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Study Reinforces Climate Change's Risk to Food Security

FILE: Illustration of maize damaged by adverse climate. Taken April 5, 2012.

PARIS — The risks of harvest failures in multiple global breadbaskets have been underestimated, according to a newly released study that researchers said should be a "wake up call" about the threat climate change poses to our food systems.

In the new research published in Nature Communications, researchers in the United States and Germany looked at the likelihood that several major food producing regions could simultaneously suffer low yields.

Lead study author Kai Kornhuber, a researcher at Columbia University and the German Council on Foreign Relations, said these events can lead to price spikes, food insecurity and even civil unrest.

By "increasing the concentration of greenhouse gases, we are entering this uncharted water where we are struggling to really have an accurate idea of what type of extremes we're going to face," he told AFP.

"We show that these types of concurring events are really largely underestimated."

Researchers first looked at the impact of the jet stream - the air currents that drive weather patterns in many of the world's most important crop producing regions.

They found that a "strong meandering" of the jet stream, flowing in big wave shapes, has particularly significant impacts on key agricultural regions in North America, Eastern Europe and East Asia, with a reduction in harvests of up to seven percent.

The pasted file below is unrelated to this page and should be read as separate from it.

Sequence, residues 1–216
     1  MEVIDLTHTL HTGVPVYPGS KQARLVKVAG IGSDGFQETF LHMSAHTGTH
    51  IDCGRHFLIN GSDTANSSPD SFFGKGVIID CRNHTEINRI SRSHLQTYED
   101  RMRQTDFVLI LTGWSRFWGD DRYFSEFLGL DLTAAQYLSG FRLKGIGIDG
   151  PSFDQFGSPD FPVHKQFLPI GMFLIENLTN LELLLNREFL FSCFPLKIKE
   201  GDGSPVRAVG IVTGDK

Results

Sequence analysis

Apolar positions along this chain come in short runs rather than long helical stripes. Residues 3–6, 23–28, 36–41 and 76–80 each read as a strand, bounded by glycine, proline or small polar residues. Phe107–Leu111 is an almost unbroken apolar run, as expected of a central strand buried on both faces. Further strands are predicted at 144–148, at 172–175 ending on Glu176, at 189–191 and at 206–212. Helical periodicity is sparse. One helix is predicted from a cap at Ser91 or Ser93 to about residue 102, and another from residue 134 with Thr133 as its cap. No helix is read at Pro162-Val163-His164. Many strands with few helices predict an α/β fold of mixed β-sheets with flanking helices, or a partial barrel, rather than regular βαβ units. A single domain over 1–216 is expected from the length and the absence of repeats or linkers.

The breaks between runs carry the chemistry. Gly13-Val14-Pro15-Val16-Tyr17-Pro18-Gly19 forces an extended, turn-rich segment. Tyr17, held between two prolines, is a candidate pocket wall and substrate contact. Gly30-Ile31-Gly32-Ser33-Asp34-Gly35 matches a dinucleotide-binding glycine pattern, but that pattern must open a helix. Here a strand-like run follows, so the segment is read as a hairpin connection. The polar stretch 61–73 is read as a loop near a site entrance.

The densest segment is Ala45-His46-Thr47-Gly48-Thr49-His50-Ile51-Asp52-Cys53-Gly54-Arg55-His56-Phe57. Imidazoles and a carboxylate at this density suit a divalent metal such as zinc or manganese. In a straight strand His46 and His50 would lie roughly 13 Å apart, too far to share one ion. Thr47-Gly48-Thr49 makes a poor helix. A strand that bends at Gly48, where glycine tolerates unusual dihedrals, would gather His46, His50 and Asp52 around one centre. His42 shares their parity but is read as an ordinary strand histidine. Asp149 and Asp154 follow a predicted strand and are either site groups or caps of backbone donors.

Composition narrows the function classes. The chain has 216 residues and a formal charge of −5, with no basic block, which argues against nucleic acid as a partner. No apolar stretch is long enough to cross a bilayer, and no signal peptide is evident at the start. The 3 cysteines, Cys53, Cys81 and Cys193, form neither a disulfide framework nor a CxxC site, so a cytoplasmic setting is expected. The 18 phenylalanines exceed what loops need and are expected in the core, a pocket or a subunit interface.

The researchers also found that this had been linked to simultaneous crop failures in the past.

One example was in 2010, when the fluctuations of the jet stream were linked to both extreme heat in parts of Russia and devastating floods in Pakistan, which both hurt crops, Kornhuber said.

Kornhuber said the study should be a "a wake up call in terms of our uncertainties" of the impacts of climate change on the food sector, with more frequent and intense weather extremes and increasingly complicated combinations of extremes.

"We need to be prepared for these types of complex climate risks in the future and the models at the moment seem to not capture this," he said.

On July 3, United Nations' human rights chief Volker Turk warned of a "truly terrifying" dystopian future of hunger and suffering as climate change-driven extremes hit crops, livestock and crucial ecosystems.

He told a U.N. debate on the right to food that more than 828 million people faced hunger in 2021 and climate change could increase that by 80 million by mid-century, and slammed world leaders for what he termed "short term thinking."